To stay below the safe threshold of 2°C, the UN and IPCC plans entail removal of CO2 from the atmosphere using methods that do not exist yet (“negative emissions”).

The Fourth Industrial Revolution

Some countries are developing plans for adapting to a warmer, more volatile planet. However, the cost of adaptation starts to rise rapidly as climate-linked incidents become more common.

The Paris Agreement and bold decisions by certain nations to expand renewable energy, introduce electric vehicles and deliver on the Sustainable Development Goals are powerful multilateral steps to mitigate the impact of climate change.

Will all of these efforts be enough? If not, do we have other options? (No, Mars is not an option yet.)

Adaptation to a warmer climate may not be a realistic long-term proposition for certain nations such as small island states and low-lying countries, given rising sea levels. We would still suffer the ecological loss of disappearing sensitive ecosystems, such as coral reefs.

During the agricultural, industrial and digital revolutions of the past 150 years, we have arguably been accidentally engineering the Earth’s system. We lit the planet where it was dark. We transplanted species, paved forests, emitted carbon, moved rivers and changed the Earth’s chemistry.

Could we now apply the advances of the Fourth Industrial Revolution to protect the natural systems we rely on?

Intervening to stabilise the climate

In recent decades, scientists have proposed engineered interventions to counter the effects of climate change. These are called “climate interventions” or “geoengineering”. They are not long-term solutions, but could protect communities and ecosystems, buying time both to reduce emissions and for the climate to cool.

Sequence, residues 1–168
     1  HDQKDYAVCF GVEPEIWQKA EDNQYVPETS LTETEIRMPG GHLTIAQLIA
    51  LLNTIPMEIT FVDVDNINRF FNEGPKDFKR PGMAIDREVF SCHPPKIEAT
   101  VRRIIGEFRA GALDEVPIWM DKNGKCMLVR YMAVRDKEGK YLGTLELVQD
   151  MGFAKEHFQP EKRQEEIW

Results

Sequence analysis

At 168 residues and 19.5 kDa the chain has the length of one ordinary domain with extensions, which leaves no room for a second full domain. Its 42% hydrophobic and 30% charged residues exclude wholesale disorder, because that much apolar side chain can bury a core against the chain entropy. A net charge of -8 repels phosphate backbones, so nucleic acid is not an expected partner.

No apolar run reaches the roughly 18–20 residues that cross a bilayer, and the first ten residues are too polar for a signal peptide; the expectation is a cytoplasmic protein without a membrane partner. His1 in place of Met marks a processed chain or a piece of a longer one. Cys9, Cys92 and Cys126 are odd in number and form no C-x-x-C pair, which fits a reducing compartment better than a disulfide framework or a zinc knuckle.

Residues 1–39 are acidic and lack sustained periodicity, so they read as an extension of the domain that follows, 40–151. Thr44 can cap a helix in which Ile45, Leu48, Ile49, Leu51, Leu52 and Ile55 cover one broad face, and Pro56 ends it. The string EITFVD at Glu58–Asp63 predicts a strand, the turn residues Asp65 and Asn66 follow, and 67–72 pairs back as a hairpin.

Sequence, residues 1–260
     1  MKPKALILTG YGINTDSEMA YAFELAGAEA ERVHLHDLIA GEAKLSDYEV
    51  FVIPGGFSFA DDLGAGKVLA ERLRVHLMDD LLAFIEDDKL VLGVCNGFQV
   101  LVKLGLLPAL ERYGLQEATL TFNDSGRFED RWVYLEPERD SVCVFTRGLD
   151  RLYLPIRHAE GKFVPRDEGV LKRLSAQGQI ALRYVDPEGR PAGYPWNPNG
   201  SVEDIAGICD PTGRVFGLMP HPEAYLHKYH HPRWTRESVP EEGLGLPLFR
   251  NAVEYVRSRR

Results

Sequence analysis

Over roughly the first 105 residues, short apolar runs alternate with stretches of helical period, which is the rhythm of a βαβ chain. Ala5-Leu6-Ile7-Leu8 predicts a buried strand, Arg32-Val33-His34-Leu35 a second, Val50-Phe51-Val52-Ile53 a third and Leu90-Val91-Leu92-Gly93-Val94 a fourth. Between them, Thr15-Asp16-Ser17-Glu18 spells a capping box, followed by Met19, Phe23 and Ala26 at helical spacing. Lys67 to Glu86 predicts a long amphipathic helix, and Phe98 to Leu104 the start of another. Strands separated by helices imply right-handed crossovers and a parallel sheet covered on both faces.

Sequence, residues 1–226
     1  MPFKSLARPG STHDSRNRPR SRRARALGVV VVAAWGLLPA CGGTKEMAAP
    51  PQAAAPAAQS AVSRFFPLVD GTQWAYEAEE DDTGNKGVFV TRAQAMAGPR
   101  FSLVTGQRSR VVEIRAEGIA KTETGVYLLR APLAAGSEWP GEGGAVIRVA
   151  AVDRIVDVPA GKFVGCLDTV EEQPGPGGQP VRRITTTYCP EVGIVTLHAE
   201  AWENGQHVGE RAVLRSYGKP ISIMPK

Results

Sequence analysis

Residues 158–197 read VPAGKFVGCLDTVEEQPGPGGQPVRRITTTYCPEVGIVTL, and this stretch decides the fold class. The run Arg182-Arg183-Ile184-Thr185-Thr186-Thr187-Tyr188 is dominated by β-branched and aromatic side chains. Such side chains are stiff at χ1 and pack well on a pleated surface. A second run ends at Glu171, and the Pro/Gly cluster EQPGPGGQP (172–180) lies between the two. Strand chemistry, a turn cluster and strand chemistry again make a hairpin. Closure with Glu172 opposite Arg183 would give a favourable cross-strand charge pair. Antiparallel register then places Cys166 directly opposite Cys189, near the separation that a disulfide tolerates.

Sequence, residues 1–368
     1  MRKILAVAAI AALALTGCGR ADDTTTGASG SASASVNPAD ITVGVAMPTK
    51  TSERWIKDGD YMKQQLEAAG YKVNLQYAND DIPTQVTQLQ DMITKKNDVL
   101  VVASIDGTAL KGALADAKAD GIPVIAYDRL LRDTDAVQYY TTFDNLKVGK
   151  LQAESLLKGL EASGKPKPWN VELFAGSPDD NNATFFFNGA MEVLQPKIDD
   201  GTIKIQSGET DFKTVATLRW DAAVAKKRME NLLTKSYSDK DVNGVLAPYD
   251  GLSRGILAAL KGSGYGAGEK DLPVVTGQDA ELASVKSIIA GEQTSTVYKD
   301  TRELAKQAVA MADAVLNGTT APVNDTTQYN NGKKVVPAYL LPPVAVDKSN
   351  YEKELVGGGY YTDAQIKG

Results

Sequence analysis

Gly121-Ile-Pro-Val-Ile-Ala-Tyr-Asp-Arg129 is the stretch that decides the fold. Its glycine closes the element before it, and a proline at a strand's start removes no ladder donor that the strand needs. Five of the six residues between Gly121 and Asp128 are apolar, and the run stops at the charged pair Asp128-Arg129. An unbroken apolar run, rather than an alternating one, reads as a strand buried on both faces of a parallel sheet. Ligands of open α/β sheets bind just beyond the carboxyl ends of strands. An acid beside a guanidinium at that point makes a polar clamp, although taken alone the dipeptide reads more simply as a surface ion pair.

Such technologies fall into three categories: removing greenhouse gases from the atmosphere, reducing heat by reflecting sunlight, and intervening locally for a specific problem or system.

Greenhouse gas removal, or “negative emissions technology”, uses industrial air filters or even living organisms to capture greenhouse gases and convert them into energy or materials, or store them in the ground. Many of these exist only as proof-of-concepts, and will take decades to deploy at scale. Therefore they could only reduce the heating effect slowly over time.

“The only known means of reducing warming in a timespan of years-to-decades is to reflect additional sunlight away from Earth,” states leading climate researcher, Ken Caldeira.

The most promising means of reflecting sunlight are based on natural processes. They involve dispersing particles to make the stratosphere more reflective, or to brighten clouds. These will take a couple of decades to develop, but if viable, could reduce warming rapidly.

Local interventions range from genetically modifying plants and organisms for survival to cooling parts of the ocean to sustain corals or dampen hurricanes.

We do not have the means to implement any of these options yet.

A global governance effort for geoengineering?